Despite the icons on the unit’s display, the manual suggests you can apply pretty nearly any pattern to any muscle, but now we all know what’s coming out of those jacks …

Auvon TENS/EMS: Pulse Waveforms

The Auvon AS8016 TENS/EMS unit produces bipolar pulses with no net DC offset, so the UI controls the negative and positive amplitudes equally. The range has 20 steps, with the screen shots here set to 10 units. The actual output voltage depends on the mode, with some modes producing a peak voltage well above the others at the same UI setting.

It’s worth noting the effect comes from current passed through skin and muscle, rather than voltage applied to it. The test setup uses a 500 Ω resistance to make the current vary linearly with the voltage (which is definitely not the case with human bodies): a 20 V pulse passes 40 mA through the resistor:

Auvon AS8016 - test setup
Auvon AS8016 – test setup

The simplest bipolar pulses always start with the negative phase. The shortest pulse width is 100 µs:

Auvon M02 Pulse
Auvon M02 Pulse

And 150 µs:

Auvon M03 Pulse
Auvon M03 Pulse

And 200 µs:

Auvon M01 Pulse
Auvon M01 Pulse

Up to 250 µs:

Auvon M06 Pulse
Auvon M06 Pulse

Some modes have a short zero-voltage pause between the negative and positive phases:

Auvon M17 Pulse
Auvon M17 Pulse

The pause can be the same duration as the negative and positive phases:

Auvon M14 Pulse
Auvon M14 Pulse

Some modes have pulses starting with the positive phase, others switch the leading phase during the course of the output modulation.

My casual survey of the consumer-grade field suggests the pulse waveform has less to do with well-tested effects and more to do with marketing or straight-up woo, but I admit to being a cynic.

Auvon TENS/EMS: Lead Identification

One of Santa’s myriad helpers recently handed me an Auvon AS8016 TENS/EMS Unit. The manual is, shall we say, light on tech details, but some casual searching turns up the general specs for medical-grade units found in physical therapy offices, plus adjacent Rule 34 compliant (i.e. NSFW) offerings.

Being that type of guy, I had to look at the electricity. Somewhat to my surprise, the reference load turns out to be a pure 500 Ω resistance, which is easy enough to cobble up from a pair of 1 kΩ resistors:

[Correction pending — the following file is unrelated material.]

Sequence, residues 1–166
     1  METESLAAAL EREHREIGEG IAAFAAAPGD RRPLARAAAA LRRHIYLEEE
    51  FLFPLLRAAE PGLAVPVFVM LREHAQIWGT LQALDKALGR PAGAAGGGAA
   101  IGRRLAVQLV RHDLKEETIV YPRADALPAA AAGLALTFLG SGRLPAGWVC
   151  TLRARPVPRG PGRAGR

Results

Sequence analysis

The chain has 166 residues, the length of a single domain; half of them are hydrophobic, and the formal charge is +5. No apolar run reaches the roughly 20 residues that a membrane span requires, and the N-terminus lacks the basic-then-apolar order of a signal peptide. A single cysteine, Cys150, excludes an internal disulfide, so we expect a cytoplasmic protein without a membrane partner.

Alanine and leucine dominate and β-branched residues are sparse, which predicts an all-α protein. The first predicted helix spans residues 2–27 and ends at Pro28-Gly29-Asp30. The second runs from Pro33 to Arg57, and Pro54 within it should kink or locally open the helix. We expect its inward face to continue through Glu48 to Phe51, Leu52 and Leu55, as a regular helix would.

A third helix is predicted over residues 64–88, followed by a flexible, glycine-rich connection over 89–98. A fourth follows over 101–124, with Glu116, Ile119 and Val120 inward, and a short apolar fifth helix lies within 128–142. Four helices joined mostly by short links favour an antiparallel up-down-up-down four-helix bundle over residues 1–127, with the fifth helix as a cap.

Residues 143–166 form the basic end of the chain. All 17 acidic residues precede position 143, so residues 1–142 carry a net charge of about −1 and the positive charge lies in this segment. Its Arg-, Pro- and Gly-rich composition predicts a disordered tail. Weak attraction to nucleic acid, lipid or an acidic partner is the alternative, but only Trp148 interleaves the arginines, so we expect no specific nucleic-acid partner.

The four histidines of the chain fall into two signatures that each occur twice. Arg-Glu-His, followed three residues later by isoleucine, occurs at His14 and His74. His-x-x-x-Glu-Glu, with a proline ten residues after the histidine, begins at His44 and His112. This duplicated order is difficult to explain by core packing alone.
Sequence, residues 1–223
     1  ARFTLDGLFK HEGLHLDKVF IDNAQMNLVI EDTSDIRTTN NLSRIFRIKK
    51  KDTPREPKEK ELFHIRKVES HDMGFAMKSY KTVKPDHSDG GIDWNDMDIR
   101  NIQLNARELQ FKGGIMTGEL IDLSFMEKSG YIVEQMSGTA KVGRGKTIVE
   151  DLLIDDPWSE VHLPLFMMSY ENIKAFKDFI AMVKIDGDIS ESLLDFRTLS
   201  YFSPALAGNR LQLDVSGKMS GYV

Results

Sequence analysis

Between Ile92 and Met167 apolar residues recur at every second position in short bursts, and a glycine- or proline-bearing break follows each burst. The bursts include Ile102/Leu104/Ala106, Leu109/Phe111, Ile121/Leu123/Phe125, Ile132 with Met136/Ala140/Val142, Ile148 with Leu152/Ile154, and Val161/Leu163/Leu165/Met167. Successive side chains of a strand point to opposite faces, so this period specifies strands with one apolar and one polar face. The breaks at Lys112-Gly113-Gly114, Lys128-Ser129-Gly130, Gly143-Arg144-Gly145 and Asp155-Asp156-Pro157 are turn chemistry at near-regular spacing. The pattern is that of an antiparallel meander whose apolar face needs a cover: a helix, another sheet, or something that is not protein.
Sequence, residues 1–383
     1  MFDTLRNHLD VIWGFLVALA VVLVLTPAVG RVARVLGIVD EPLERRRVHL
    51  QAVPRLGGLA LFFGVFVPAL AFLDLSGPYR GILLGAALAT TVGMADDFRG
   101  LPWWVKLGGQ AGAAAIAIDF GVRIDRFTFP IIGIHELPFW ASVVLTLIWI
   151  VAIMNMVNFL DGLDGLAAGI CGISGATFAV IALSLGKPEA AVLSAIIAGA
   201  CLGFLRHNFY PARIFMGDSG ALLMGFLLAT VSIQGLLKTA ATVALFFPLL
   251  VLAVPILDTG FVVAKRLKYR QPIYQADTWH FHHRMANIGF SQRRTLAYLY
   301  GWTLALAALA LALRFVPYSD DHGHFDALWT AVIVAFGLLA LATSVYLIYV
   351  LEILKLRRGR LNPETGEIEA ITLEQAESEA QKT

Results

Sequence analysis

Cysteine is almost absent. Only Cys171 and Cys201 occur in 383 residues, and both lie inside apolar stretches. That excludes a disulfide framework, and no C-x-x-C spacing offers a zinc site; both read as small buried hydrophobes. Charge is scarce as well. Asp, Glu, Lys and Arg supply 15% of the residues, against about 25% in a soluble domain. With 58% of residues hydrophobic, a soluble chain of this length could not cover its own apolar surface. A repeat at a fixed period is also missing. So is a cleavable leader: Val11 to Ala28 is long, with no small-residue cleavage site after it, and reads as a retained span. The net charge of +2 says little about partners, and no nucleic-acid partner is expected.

Auvon AS8016 - test setup
Auvon AS8016 – test setup

The alligator clips crunched around the 2 mm pins are not appropriate for even a brutal e-stim session; they’re from the Small Drawer of Test Connectors, to which they shall return unblooded.

The red Sharpie highlight around one pin identifies the center conductor of the two-wire cable, as determined by simple continuity testing:

Auvon AS8016 - marked cable
Auvon AS8016 – marked cable

The 22 mil = 0.5 mm wire (from the Little Tin o’ Snippets) fits snugly into the coaxial connector’s center contact; one could probably slip a rounded shim between the shell and the outer contact, perhaps to debug an intermittent connection. Note that the connectors on both ends of the wires are not standardized among various TENS/EMS manufacturers.

The AS8016 has two pairs of connectors:

Auvon AS8016 - wire jacks
Auvon AS8016 – wire jacks

The A1 and A2 jacks are wired in parallel, as are the B1 and B2 jacks, with the A pair galvanically isolated from the B pair. You can set the modes / programs / pulse parameters differently for A and B. Although the manual doesn’t mention it, using the A and B channels (perhaps with the same settings) prevents a galvanic connection (and thus any current) from flowing between the A and B electrodes; this seems important for electrode pairs placed on opposite sides of your body to prevent current through your heart.

The pulses have no DC component, so the actual wire polarity doesn’t really matter, but a foolish consistency definitely simplifies going back to re-measure things. Subsequent waveforms show the voltage with respect to the unmarked (outer) conductor.

Suppressing the DC bias prevents ionic migration between / under the electrode pads. The classic RC-equivalent output circuit uses a series capacitor, resulting in an asymmetric pulse waveform with zero net DC voltage:

Capacitor Coupled Pulse
Capacitor Coupled Pulse

There’s no DC path between the center and outer conductors, but in this day and age the circuitry could be a completely isolated bipolar FET driver:

Auvon M01 Pulse
Auvon M01 Pulse

With all that sorted out, I can make measurements!

Christmas Bonus

An email arrived yesterday:

Subject: [redacted] review blog invitation about bluetooth programmer